Avian influenza has once again been discovered in Wyoming. The Wyoming Game and Fish Department’s Wildlife Health Laboratory, in cooperation with UW’s Wyoming State Veterinary Laboratory, …
Avian influenza has once again been discovered in Wyoming. The Wyoming Game and Fish Department’s Wildlife Health Laboratory, in cooperation with UW’s Wyoming State Veterinary Laboratory, has documented the strain of the virus in eight wild birds since Sept. 16, including two turkey vultures at the university.
The highly pathogenic virus, which occurs mainly in birds, is extremely contagious. The virus can be deadly, especially in domestic poultry. Since December 2003, an Asian HPAI H5N1 virus has resulted in high mortality in poultry and wild birds in Asia, the Middle East, Europe and Africa.
This year, thousands of wild birds have been discovered and nearly 46.5 million poultry have died from the virus or killed out of caution.
There has only been one confirmed case of human infection in the United States, but people should continue to exercise caution in handling sick or dead birds, the vet laboratory advises.
This comes as Wyoming is again documenting cases of HPAI in wildlife after a lull since early June. In Park, Big Horn and Washakie counties, wild birds were discovered to have died from the virus, prompting concerns.
The Game and Fish began monitoring for the virus’s presence in wild populations early in 2022 and expected to see HPAI in wild birds after it was identified in domestic flocks in the state, said Hank Edwards, Wildlife Health Laboratory supervisor.
In April, Game and Fish officials in Sheridan euthanized the department’s brood stock of pheasant out of an “abundance of caution” after officials discovered dead turkeys near their captive flock tested positive for the virus. None of the birds raised by the farm were found to be infected, but the department decided it was necessary.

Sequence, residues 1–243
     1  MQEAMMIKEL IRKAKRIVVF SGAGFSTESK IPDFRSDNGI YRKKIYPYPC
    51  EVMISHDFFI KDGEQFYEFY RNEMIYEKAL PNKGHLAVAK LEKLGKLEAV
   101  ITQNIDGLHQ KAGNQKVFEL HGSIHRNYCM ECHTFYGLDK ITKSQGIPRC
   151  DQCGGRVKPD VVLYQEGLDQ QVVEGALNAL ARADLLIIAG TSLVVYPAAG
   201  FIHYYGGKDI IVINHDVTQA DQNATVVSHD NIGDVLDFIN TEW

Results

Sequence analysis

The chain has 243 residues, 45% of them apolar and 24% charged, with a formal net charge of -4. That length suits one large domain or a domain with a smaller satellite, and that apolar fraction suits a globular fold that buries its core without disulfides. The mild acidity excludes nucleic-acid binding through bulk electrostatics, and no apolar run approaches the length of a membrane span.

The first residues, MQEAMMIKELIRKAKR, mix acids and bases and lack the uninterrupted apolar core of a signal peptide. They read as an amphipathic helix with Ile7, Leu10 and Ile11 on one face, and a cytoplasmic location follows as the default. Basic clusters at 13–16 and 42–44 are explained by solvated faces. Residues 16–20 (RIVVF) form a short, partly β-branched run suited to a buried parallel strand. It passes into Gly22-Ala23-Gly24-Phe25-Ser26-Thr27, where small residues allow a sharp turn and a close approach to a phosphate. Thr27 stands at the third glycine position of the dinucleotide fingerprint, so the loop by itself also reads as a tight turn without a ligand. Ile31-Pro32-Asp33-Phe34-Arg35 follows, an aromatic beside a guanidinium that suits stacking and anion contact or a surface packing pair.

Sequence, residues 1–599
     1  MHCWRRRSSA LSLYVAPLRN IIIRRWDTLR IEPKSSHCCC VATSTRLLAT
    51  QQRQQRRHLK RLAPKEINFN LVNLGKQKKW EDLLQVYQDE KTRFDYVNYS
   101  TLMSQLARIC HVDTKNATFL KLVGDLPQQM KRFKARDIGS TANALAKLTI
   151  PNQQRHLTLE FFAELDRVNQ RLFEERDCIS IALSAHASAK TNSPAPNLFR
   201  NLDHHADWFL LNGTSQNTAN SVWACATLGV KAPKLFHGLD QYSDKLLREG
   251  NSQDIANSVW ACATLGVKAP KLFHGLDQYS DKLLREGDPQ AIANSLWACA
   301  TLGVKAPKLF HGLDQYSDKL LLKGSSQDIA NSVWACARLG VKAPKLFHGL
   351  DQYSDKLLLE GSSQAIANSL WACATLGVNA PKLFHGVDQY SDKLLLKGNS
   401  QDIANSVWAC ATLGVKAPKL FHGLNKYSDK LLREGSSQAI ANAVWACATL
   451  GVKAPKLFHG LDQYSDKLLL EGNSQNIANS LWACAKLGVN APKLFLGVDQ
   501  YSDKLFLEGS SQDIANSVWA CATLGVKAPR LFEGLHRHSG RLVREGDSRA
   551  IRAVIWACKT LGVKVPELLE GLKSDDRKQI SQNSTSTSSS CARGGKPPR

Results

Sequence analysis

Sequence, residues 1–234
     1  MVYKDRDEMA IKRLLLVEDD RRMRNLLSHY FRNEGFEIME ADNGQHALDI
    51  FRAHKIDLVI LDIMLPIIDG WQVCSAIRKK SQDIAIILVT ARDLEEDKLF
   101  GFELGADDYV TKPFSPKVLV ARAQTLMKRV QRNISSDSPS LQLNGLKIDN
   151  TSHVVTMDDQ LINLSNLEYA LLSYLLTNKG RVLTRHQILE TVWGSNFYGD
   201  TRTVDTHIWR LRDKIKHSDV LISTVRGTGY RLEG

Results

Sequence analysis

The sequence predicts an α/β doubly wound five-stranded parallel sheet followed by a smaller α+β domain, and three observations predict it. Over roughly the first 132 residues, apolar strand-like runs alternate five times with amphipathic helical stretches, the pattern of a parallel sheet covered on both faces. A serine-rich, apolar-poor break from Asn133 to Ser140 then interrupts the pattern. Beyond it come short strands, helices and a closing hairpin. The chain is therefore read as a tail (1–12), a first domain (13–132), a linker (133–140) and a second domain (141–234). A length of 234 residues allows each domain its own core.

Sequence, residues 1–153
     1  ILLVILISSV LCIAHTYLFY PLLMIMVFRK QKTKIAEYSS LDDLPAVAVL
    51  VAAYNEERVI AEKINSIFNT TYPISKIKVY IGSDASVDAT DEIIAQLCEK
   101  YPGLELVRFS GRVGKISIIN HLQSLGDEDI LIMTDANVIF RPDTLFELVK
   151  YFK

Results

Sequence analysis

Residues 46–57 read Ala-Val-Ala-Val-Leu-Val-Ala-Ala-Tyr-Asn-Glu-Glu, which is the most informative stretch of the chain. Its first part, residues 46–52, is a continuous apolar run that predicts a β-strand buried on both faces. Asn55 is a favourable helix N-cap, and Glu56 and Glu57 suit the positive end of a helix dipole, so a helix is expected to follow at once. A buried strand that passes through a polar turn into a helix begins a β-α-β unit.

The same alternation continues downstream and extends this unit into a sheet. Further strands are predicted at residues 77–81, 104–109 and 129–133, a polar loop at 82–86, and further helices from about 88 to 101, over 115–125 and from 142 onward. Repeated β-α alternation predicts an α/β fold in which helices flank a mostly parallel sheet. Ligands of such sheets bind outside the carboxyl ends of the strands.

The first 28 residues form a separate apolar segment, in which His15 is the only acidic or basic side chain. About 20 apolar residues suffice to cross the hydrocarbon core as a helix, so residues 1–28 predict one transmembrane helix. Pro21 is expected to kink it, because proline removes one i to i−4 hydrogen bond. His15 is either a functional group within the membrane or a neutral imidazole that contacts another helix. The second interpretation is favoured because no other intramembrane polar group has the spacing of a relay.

“With the amount of wild birds that are around the farm, we were concerned about [the virus] getting in the bird farm,” said Dan Smith, the department’s Wildlife Division and Cody Regional wildlife supervisor.
“There was no indication that any of our birds were sick and none tested positive. But had we got to that [point], it would have been too late. So this was a preemptive action,” he said.
The farm raises approximately 14,000 pheasants to be released in hunting areas, including in the Big Horn Basin. Officials were able to collect eggs and started from fresh after the spring migration of wild birds was over.
The resurgence of HPAI is likely due to exposure from fall migratory birds; the peak of the fall migration in Wyoming is late September through mid-November.
Since being detected in the U.S. in January, the virus has been detected in wild birds in 46 states and poultry in 40 states.
People are advised to not pick up or handle any dead wild birds they may encounter and report clusters of dead wild birds to the Game and Fish Wildlife Health Laboratory at 307-745-5865.
If you have domestic poultry or pet birds that are dying or ill, contact your veterinarian who can evaluate the birds to determine if they may be infected with HPAI and arrange to submit appropriate samples for testing. You also may call the Wyoming Livestock Board at 307-777-8270 or 307-777-6440.
The Game and Fish Department maintains an up-to-date map of wild birds diagnosed with HPAI in Wyoming on the agency’s website.